- The Nation’s Tortured Body: Violence, Representation, and the Formation of a Sikh Diaspora
Most of the well-known stories of Indian diasporas begin with the colonial system of indenture, which is the primary factor in the mobilization and dispersal of particular groups of people away from India. In this book, however, the author focuses on three aspects of the histories of displacement that constitute the Sikh diaspora: the position of Sikhs just prior to colonial rule with a unique territory, the specific manner of mobility within and after the colonial period, and the emergence of transnational struggle to create a separate, sovereign Sikh State called Khalistan.
Axel beautifully summarizes these points of emergence in the introduction and develops them at length in the subsequent chapters of his book. In the first chapter, Axel gives a glimpse of the history of Sikh Empire and their surrender to the British. He outlines, for example, how Maharaja Runjeet Singh fought off the Afghans on one side of his territory and signed treaties of friendship with the British on the other side. The British, in turn, took advantage of the internal weakness of the Sikh Raj, violated the friendship treaty of 1809 and invaded Punjab right after the five-year-old Maharaja Duleep Singh ascended the throne. The author quotes the letter written by the Governor General Dalhousie to Queen Victoria about the surrender of March 24, 1849 in Ferozepur without mentioning the circumstances that lead to this historic event. The words were “As they threw their arms down upon the heap, the brave Sikh soldiers said: ‘This day Runjeet Singh has died.’” What the author fails to mention here is a matter of great significance, for in fact, the British were almost ready to make an unconditional surrender before the Sikhs during the battle at the city of Pheru on December 21, 1845.1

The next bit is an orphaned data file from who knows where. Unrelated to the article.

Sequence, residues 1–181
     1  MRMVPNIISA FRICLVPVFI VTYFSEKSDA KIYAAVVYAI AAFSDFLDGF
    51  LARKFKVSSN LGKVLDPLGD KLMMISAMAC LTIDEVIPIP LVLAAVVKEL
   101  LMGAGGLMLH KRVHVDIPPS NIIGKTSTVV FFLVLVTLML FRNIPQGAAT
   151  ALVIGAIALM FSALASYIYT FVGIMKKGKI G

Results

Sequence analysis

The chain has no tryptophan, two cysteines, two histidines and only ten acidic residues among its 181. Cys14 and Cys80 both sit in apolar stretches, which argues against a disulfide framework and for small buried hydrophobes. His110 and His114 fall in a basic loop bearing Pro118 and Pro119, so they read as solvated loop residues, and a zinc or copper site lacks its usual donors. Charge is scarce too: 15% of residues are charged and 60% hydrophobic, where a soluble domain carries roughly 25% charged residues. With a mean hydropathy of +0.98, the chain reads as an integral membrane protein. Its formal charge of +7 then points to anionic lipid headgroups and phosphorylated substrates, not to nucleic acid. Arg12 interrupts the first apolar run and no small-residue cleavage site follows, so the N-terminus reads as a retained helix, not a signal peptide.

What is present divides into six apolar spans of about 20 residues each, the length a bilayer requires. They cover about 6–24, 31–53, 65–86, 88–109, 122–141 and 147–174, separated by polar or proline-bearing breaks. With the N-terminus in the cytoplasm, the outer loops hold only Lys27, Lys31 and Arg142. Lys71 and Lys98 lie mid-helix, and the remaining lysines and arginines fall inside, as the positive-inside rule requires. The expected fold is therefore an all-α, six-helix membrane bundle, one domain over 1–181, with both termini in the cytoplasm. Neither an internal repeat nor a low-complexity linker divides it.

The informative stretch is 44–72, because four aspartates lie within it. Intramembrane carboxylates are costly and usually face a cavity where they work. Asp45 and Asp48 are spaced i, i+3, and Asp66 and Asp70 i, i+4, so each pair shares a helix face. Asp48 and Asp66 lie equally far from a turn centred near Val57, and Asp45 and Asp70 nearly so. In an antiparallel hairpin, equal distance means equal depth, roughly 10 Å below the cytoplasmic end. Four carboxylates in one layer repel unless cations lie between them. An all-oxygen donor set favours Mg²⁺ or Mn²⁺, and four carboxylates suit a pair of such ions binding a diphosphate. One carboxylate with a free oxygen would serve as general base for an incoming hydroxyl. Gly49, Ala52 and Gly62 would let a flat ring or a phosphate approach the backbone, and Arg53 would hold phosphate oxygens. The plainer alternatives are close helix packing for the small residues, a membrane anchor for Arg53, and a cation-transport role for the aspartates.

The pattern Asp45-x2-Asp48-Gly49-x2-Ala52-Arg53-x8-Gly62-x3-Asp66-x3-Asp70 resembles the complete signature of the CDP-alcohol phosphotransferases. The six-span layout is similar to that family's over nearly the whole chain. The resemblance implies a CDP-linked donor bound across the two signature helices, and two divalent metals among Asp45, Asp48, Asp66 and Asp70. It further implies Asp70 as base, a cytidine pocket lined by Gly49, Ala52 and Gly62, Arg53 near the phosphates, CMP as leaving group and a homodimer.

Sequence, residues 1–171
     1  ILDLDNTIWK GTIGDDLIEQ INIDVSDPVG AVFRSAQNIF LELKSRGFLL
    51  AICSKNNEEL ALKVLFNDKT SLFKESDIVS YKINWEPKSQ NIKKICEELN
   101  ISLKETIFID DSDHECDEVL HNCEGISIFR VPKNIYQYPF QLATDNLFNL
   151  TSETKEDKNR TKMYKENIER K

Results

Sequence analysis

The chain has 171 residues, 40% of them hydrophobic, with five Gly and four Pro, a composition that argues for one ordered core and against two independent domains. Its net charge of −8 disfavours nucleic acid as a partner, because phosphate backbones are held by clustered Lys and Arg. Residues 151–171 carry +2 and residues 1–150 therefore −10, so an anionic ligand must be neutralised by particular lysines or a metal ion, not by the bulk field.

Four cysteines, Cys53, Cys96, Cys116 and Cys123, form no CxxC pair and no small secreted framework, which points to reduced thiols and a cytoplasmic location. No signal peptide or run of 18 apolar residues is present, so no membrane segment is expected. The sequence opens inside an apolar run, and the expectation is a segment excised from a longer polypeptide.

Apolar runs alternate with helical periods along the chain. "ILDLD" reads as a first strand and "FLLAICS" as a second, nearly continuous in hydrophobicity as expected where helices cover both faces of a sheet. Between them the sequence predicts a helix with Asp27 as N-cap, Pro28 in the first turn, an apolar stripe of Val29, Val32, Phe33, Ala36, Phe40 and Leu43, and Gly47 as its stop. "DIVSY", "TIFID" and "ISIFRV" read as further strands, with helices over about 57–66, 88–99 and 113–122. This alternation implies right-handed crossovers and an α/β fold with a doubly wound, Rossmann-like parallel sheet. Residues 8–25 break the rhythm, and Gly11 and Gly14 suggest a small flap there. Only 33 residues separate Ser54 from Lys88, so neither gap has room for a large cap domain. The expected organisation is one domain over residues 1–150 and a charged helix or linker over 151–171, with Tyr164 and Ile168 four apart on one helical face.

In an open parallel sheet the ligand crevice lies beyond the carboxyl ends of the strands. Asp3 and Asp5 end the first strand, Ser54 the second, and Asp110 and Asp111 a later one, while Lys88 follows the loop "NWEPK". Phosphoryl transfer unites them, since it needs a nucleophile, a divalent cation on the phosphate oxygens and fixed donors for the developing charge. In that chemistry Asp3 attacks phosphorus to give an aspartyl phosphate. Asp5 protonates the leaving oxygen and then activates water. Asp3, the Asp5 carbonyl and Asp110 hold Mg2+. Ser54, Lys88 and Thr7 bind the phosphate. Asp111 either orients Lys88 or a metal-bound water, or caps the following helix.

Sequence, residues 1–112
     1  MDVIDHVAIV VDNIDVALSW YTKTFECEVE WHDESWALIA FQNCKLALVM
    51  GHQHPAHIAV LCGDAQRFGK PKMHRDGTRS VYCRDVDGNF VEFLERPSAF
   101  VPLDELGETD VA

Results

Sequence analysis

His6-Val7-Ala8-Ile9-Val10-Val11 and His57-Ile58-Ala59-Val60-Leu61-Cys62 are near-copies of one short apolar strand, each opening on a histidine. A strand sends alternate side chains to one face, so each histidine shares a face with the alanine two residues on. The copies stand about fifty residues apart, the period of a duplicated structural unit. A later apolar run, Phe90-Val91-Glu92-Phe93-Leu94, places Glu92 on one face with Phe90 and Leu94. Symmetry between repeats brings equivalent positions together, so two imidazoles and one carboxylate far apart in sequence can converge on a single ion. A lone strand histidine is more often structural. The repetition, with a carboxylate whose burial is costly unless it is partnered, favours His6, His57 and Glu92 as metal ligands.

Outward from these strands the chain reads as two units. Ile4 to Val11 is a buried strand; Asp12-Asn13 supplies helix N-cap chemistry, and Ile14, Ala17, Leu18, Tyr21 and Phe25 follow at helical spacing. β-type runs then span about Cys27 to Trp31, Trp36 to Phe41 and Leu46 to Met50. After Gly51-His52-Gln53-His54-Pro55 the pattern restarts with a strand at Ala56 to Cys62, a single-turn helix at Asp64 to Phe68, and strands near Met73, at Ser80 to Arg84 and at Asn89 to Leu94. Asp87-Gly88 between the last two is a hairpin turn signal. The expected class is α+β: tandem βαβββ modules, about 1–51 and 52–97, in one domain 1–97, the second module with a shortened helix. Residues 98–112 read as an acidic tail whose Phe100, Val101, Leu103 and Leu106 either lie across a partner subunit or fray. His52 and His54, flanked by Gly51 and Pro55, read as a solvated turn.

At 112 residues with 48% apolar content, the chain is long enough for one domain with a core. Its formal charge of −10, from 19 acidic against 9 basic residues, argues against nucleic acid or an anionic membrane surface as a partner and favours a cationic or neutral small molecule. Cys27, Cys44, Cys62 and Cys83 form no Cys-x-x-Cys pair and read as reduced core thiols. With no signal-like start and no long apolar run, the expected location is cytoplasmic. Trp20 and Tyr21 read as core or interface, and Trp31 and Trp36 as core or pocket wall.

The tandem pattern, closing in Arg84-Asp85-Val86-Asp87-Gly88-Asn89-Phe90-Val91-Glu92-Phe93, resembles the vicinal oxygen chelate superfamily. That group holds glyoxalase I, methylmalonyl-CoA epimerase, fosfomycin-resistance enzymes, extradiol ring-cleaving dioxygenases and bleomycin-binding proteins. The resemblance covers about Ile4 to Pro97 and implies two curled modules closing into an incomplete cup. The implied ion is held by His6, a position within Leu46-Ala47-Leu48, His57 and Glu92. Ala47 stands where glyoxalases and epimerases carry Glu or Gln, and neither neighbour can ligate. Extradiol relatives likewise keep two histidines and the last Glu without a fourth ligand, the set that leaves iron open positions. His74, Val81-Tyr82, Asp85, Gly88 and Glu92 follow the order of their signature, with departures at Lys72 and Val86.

Axel utilizes a number of strong academic resources to dig out the facts and follows a chronology of events leading to the partition of India into two dominions, India and Pakistan. In 1947 India got freedom after the Sikhs were forced to sacrifice more than half of the Punjab, resulting in tremendous loss of life and material wealth. The author calls it a new Sikh surrender. In his analysis of the post-independence history, he gives innumerable examples of antagonism, hostility, and oppression not only against the Sikhs but also against other minorities of India. He argues how Sikhs failed to get their most legitimate right from the British, who considered them as the protectors of their empire, as well as from the Hindu rulers of the postcolonial India, who promised “an area and a set up in the North wherein the Sikhs can also experience the glow of freedom.” The author elaborates the circumstances that forced the Sikhs to continue their struggle for an independent, sovereign Sikh homeland, which they thought to be essential for the preservation of Sikh traditions and identity, during and after the British colonial rule.
In the third chapter, Axel provides evidence, including his personal experiences, of the existence of state violence in today’s India. He clearly elucidates how the Sikhs have been intimidated by the use of cruel and inhumane methods of torture by the police and the state authorities, and shows how the official magazine of the Indian Army—Baatcheet—portrays Sikhs as “dangerous people pledged to commit murder, arson and acts of terrorism.”2 Testimonies of survivors included here demonstrate various categories of torture to which victims have been subjected. This is what he calls the “tortured body,” i.e. how the glorious amritdhari body of the Khalsa got tortured.
He profiles a typical victim: a visibly identifiable Sikh male, complete with beard, turban, Kirpan and Kara. Pictures of the mutilated Sikh men have become a well-known, and singularly important, sight for Sikhs living in the Diaspora. Although it is common knowledge that Sikh males are routinely detained and help in police custody (with no charges or formal arrest), there is...